In addition to the advances in specific semiconductor disciplines, the development of specific process sequences, has also contributed to the increases in chip density. For example the invention of the sidewall technology, used extensively in complimentary metal oxide semiconductor, (CMOS), devices, has had a positive impact on device density. Another process sequence, used to decrease chip size, has been the buried contact process. For example in CMOS devices, the contact to source and drain regions, if made in the active device region, would require large silicon areas, thus negatively impacting density. Therefore processes and structures were developed, in which contact to these source and drain regions, could be made through a polysilicon structure. Therefore access to the source and drain region can be made by contacting the polysilicon layer, in a non-critical device area. The polysilicon layer in turn, contacts the the source and drain regions, via a process known as the buried contact scheme. In U.S. Pat. No. 4,341,009, Bartholomew, et al, describe a specific buried contact process, used for the fabrication of MOSFETs. However that process is complex, requiring a significant increase in process steps, and thus compromising the density benefits, with cost increases. The invention now described, will show a simpler, more cost effective process for achieving the buried contact scheme.
It is an object of this invention to provide a method of making contact to active regions in a semiconductor substrate via a polysilicon connection.
It is another object of this invention to provide a conductive link between the polysilicon connection and the active region in the semiconductor substrate.
It is yet another object of this invention to decrease the resistance of the link between the polysilicon connection and the active regions in the semiconductor substrate, by using specific sidewall spacer insulators, with specific charge characteristics, that will influence the underlying silicon, in a manner that results in a less resistive path.
In accordance with the present invention a method is described for fabricating MOSFET devices, using an improved buried contact process. After formation of field oxide regions, a thin gate oxide is grown, followed by deposition of a thin layer of first polysilicon. An opening, to the underlying substrate, is made in the finest polysilicon --gate oxide layers, followed by the creation of a doped region in the opening to the substrate. A second deposition, of a thicker layer of polysilicon is then performed, followed by ion implantation, or a conventional furnace diffusion procedure, used to dope the composite polysilicon layers. Patterning is then used to form a polysilicon gate structure, in the active device region, and to form another polysilicon structure, partially overlying the previously formed, active doped region, as well as partially overlying a field oxide region. Thermal oxidation is used to create a thin oxide on the sidewall of the polysilicon gate structure. Ion implantation procedures are employed to create the source and drain regions, in the active device region, also resulting in link-up to the doped region in the substrate. Thicker sidewall spacers are formed, via deposition of specific sidewall spacer materials, followed by anisotropic reactive ion etching. The spacers are formed on the sidewalls of both polysilicon structures. In addition any trench or crevice, formed during the RIE sidewall procedure, in the region adjacent to the polysilicon structure that overlays the doped region, is also filled with the spacer material. Ultimately contact to the polysilicon layer, overlying the field oxide region, results in contact to the source and drain regions, via the doped region, buried contact, in the substrate.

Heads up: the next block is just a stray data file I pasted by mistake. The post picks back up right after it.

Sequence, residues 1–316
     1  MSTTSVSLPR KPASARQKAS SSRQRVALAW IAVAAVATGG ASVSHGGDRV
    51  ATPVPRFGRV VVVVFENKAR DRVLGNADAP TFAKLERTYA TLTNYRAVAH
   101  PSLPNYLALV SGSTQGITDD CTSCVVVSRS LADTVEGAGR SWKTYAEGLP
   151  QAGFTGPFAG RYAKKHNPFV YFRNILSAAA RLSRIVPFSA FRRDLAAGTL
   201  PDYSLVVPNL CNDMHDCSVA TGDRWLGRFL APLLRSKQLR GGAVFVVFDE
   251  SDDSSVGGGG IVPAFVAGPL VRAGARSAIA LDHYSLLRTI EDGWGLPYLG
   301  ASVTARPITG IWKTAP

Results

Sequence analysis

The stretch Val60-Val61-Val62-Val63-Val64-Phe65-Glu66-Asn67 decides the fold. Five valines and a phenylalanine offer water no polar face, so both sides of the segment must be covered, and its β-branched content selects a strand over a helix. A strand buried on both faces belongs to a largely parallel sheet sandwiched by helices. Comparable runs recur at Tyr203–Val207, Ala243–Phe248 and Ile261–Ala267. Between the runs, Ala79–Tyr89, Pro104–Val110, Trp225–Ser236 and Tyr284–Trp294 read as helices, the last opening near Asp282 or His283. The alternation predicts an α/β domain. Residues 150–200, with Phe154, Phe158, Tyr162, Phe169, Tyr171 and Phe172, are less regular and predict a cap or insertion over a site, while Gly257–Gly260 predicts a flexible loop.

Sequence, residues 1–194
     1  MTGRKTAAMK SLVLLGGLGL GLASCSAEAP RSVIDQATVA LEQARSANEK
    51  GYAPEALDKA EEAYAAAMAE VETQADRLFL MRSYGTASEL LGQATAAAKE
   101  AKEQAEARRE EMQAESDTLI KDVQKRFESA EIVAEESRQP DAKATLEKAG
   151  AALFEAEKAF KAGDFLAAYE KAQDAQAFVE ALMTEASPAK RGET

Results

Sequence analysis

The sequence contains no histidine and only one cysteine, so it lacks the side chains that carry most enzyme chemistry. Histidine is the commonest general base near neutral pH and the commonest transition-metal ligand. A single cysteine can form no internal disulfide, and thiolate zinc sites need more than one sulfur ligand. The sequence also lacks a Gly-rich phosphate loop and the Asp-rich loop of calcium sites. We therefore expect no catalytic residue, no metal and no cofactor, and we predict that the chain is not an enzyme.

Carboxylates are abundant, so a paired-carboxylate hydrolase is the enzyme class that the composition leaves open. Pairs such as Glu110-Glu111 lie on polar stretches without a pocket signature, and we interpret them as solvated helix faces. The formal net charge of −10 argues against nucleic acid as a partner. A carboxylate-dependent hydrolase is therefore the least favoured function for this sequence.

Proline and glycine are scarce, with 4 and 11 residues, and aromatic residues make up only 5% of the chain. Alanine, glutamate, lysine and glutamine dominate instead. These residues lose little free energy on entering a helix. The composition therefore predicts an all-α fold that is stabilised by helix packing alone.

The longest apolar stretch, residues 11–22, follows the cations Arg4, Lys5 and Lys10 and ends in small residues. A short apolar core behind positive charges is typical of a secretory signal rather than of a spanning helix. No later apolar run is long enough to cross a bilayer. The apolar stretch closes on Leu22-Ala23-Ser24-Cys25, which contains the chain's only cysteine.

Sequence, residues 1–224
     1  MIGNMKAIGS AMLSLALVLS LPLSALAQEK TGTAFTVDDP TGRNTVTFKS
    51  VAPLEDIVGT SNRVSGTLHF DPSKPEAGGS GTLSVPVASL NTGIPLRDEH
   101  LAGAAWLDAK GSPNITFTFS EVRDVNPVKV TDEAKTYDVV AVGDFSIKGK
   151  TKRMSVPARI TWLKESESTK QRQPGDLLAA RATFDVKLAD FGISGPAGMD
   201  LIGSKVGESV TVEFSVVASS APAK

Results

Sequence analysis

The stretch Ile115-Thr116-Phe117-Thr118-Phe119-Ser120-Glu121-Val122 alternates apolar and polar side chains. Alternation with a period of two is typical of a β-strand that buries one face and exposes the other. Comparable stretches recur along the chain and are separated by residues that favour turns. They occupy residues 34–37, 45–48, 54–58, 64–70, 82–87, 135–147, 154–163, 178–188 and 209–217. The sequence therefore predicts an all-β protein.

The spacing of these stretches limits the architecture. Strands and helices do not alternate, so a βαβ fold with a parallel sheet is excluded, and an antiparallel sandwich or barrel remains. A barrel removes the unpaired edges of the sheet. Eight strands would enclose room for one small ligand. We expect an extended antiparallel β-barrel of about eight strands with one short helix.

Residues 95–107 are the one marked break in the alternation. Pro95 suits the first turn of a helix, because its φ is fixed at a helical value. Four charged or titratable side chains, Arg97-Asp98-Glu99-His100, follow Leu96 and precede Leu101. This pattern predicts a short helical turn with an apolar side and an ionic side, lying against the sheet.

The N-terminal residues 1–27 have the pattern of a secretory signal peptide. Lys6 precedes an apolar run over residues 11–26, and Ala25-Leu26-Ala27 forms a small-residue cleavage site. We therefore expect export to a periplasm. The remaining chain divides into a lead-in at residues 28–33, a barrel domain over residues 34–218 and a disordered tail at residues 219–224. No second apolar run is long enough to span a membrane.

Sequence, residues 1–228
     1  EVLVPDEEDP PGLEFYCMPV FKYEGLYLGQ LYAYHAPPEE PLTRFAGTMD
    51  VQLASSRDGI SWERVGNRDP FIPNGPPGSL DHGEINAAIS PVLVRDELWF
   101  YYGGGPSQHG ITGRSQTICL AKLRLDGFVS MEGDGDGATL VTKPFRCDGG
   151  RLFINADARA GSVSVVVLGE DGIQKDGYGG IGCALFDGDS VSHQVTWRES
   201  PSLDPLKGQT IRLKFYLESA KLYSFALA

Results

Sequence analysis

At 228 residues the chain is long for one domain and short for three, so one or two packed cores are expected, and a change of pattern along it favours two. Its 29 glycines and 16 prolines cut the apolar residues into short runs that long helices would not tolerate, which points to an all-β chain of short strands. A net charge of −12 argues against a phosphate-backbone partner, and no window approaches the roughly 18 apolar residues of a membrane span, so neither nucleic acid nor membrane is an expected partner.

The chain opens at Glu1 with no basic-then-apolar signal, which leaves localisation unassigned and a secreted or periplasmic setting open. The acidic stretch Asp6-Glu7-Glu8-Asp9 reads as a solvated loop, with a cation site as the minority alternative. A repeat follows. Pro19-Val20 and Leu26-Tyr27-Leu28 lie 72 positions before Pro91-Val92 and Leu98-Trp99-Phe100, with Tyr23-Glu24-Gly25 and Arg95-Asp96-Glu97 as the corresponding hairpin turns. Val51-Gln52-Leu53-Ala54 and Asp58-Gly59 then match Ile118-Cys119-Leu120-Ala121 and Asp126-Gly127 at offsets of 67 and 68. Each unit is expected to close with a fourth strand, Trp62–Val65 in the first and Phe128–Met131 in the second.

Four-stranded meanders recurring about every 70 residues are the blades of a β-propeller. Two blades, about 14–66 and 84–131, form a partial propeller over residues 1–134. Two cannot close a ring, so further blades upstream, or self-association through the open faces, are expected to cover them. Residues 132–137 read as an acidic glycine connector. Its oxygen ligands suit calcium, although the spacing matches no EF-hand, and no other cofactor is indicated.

The object and other advantages of this invention are best described in the preferred embodiment with reference to the attached drawings hat include:
FIG. 1-6, which schematically illustrate, in cross-sectional representation, the fabrication sequence used to achieve MOSFET structures, using a buried contact process, without crevice formation
FIG. 7-9, which schematically show an identical fabrication sequence, however with a crevice formation in the substrate, occurring due to poor photo lithographic alignment. Also shown is an insulator spacer solution for the crevice phenomena.
FIG. 10-11, schematically show a polysilicon spacer solution for the crevice phenomena.
FIG. 12, schematically illustrating, in cross-sectional representation, a metallized MOSFET, fabricated using a buried contact process.